Automation did, in fact, lead to mass unemployment. We have simply stopped the gap by adding dummy jobs that are effectively made up. A combination of political pressure from both right and left, a deeply held popular feeling that paid employment alone can make one a full moral person, and finally, a fear on the part of the upper classes, already noted by George Orwell in 1933, of what the laboring masses might get up to if they had too much leisure on their hands, has ensured that whatever the underlying reality, when it comes to official unemployment figures in wealthy countries, the needle should never jump too far from the range of 3 to 8 percent. But if one eliminates bullshit jobs from the picture, and the real jobs that only exist to support them, one could say that the catastrophe predicted in the 1930s really did happen. Upward of 50 percent to 60 percent of the population has, in fact, been thrown out of work.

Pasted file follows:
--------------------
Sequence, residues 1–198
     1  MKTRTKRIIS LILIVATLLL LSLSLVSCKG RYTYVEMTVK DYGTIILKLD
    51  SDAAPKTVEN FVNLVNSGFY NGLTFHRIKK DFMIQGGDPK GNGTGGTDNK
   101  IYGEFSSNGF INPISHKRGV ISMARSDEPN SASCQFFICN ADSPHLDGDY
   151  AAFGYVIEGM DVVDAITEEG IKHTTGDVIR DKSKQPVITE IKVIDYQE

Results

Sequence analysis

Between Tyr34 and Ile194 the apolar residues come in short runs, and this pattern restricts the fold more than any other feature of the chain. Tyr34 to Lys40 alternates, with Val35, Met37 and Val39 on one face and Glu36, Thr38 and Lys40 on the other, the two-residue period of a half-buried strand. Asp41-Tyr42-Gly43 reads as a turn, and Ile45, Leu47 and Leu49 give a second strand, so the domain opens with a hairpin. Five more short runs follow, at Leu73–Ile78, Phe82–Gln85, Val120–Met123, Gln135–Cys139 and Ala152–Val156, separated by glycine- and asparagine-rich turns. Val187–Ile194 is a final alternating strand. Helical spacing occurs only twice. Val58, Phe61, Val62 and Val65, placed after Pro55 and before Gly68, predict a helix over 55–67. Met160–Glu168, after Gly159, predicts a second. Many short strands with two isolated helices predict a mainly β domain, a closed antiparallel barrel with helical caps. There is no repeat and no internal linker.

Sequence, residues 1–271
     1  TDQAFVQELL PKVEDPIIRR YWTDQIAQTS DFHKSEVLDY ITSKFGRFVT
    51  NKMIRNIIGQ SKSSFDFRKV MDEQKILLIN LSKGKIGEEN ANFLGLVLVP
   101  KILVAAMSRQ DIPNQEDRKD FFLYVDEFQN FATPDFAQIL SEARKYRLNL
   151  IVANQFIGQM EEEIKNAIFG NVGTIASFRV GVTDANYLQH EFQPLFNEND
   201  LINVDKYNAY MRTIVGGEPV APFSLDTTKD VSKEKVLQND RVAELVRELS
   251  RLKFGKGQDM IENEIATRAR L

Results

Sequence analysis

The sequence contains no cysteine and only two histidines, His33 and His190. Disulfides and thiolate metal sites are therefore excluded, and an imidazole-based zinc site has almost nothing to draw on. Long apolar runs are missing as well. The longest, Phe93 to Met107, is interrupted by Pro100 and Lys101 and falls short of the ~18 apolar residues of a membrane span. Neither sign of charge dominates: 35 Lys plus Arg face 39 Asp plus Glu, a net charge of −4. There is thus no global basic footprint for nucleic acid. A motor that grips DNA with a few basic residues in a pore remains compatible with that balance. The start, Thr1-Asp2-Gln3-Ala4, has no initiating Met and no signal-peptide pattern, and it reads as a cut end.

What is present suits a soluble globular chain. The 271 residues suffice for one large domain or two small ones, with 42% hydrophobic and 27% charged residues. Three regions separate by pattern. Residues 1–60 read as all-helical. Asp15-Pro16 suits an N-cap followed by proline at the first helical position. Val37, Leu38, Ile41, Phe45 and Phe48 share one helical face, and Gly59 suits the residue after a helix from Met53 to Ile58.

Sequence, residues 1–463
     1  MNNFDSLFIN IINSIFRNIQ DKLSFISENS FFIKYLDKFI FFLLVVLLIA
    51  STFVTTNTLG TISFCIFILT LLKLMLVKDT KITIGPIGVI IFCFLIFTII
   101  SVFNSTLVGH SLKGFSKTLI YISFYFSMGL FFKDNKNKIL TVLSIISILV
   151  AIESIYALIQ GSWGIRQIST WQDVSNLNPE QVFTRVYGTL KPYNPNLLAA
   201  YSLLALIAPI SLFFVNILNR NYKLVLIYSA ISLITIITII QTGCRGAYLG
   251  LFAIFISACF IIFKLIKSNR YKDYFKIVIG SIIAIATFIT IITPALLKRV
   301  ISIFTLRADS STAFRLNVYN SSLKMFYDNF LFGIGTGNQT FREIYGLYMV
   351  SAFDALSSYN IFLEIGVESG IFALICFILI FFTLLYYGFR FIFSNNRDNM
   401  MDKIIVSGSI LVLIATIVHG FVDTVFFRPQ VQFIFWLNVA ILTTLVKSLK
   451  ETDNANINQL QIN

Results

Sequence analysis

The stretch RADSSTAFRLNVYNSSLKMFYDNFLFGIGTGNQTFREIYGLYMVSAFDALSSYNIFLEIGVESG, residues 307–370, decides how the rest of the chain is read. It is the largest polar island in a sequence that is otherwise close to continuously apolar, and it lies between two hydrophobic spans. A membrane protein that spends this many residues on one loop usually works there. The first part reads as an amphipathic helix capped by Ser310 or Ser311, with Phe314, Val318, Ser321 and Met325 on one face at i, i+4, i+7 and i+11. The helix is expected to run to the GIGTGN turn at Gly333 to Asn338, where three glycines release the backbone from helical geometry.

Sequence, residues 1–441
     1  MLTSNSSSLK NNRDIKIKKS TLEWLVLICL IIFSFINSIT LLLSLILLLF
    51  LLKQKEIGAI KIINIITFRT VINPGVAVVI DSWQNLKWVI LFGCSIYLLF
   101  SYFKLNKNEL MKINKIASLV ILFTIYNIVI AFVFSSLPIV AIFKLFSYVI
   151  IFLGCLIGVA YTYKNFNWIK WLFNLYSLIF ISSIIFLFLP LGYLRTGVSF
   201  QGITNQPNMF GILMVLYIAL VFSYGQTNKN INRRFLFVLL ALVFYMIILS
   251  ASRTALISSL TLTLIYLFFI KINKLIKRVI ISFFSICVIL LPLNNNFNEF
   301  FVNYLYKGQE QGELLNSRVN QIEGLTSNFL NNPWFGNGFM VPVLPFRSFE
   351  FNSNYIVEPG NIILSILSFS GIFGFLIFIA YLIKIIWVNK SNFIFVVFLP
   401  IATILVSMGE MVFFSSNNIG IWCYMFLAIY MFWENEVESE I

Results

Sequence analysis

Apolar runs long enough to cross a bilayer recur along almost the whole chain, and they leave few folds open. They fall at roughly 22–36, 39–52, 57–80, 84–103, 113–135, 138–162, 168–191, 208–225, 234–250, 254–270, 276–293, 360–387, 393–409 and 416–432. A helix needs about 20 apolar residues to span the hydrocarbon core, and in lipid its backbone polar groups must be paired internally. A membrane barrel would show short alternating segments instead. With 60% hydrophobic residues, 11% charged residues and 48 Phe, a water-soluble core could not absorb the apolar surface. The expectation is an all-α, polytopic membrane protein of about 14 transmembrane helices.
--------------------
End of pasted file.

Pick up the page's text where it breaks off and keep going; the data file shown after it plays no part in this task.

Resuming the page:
I’m personally an anarchist, which means that, not only do I look forward to a day sometime in the future when governments, corporations, and the rest will be looked at as historical curiosities in the same way as we now look at the Spanish Inquisition or nomadic invasions, but I prefer solutions to immediate problems that do not give more power to governments or corporations, but rather, give people the means to manage their own affairs.
Previous: How Buildings Learn: What Happens After They’re Built by Stewart Brand
Next: The Giant, O’Brien by Hilary Mantel